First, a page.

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Legislative Assembly for the ACT: 1999 Week 3 Hansard (24 March) . . Page.. 752 ..

MS CARNELL (continuing):

very hard for a significant extra amount of dollars to go to Queensland because they are a low taxing State at this stage. The unfortunate part for the rest of us is that if that money were to go to Queensland it would be at our expense. So I would be very negative about quoting Queensland figures that are aimed at nothing else but to undermine funding to the ACT.

Public Hospital Beds

MR WOOD: My question is to Michael Moore, the Health Minister, and it follows on from a question yesterday about bed numbers in the hospital. After question time yesterday the Chief Minister offered an explanation for the Government's abandonment of its 1995 commitment to establish 1,000 public hospital beds in Canberra by the end of this year. The Chief Minister offered as one explanation the fact that the amount of day surgery, for example, gall bladder operations, had, in her words, "significantly increased". Given the Chief Minister's assertion, can the Minister explain why the January patient activity statistics from Canberra Hospital - that is, this year - show a 42 per cent drop in day surgery over the same period last year?

MR MOORE: I am glad to see you are reading those bulletins, Mr Wood, that we make readily available to you so that you can see the figures.

Mr Stanhope: That is very kind of you.

MR MOORE: It is open government. I just remind you that the Labor Government was very reluctant to do it. It had to be forced into doing it. I might just also say that there is no government in Australia that provides the sort of information that we do. That is something that they should be embarrassed about, not us. I hope when you are Chief Minister, Mr Stanhope, in due time, that you will do the same thing.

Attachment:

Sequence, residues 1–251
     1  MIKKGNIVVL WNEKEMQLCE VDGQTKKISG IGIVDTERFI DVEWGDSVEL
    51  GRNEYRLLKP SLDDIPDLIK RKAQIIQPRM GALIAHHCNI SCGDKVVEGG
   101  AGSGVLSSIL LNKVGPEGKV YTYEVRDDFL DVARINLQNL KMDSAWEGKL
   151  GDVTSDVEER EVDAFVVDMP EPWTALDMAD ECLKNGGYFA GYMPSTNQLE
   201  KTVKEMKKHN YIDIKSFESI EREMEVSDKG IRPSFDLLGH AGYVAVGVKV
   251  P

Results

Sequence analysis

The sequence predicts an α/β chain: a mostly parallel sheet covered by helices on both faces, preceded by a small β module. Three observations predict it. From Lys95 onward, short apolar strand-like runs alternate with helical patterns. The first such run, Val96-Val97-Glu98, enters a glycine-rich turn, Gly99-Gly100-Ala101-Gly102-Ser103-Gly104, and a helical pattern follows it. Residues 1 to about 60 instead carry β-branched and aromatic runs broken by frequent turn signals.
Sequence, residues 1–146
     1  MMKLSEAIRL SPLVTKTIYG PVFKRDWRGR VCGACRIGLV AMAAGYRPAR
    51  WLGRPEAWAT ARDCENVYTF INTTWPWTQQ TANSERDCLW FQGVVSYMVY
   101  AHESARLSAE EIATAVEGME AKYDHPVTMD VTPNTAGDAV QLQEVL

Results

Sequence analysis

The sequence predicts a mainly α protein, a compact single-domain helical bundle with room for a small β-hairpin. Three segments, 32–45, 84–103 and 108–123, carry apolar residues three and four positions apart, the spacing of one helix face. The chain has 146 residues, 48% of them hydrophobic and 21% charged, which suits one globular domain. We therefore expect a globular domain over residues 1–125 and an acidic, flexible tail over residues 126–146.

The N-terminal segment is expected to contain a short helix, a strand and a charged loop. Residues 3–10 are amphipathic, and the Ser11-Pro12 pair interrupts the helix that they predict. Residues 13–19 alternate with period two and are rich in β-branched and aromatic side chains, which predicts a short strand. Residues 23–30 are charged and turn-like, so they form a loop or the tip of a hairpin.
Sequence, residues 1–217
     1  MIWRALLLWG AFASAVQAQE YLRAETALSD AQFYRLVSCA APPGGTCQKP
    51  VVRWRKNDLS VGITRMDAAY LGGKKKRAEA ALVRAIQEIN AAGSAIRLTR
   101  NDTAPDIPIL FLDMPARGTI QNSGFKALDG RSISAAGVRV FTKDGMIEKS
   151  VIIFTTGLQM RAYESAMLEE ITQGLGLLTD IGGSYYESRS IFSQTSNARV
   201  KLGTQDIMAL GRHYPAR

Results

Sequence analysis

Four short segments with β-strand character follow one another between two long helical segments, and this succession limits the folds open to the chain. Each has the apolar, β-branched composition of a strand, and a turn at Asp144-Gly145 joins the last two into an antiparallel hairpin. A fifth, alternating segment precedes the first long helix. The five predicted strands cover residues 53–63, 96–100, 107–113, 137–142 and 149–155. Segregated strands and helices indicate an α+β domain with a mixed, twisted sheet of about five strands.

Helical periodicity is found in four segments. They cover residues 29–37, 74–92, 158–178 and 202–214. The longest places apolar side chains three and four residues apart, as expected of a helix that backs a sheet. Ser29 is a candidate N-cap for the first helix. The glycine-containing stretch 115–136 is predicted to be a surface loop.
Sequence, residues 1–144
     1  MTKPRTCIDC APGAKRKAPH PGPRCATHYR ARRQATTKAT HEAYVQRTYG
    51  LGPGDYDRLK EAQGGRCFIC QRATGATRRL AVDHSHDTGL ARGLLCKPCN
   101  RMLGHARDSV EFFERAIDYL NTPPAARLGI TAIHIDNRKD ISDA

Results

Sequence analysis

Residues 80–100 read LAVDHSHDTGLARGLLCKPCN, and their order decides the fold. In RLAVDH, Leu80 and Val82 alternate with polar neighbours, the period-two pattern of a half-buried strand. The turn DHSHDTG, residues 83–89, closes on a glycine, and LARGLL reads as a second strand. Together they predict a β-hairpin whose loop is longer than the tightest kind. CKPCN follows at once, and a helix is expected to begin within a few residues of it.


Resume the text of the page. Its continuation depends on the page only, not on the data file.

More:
Mr Wood, it is a great disappointment to me that in January there was a reduction in the day surgery. It does not take away from what the Chief Minister said - that since 1994 there has been a significant increase in the amount of day surgery. As I see it, the figures have dropped. That does concern us. One of the reasons for that is the transfer of dental work to Calvary. That accounts for a large part of the day surgery. We still have to make sure that there is an emphasis on day surgery because we know that by keeping the emphasis there we can more effectively deal with a large number of people. It is something that we should be improving on through our efforts.

There have also been a number of administrative problems in dealing with theatres that have had some impact at times, as I understand it from a briefing that I had from the head of the surgical SMT. Mr Wood, we will be working to ensure that we can do our best to increase our efforts at day surgery. It is important to look at the categories to see where we are achieving and where we are not, and what has been transferred between one hospital and another.

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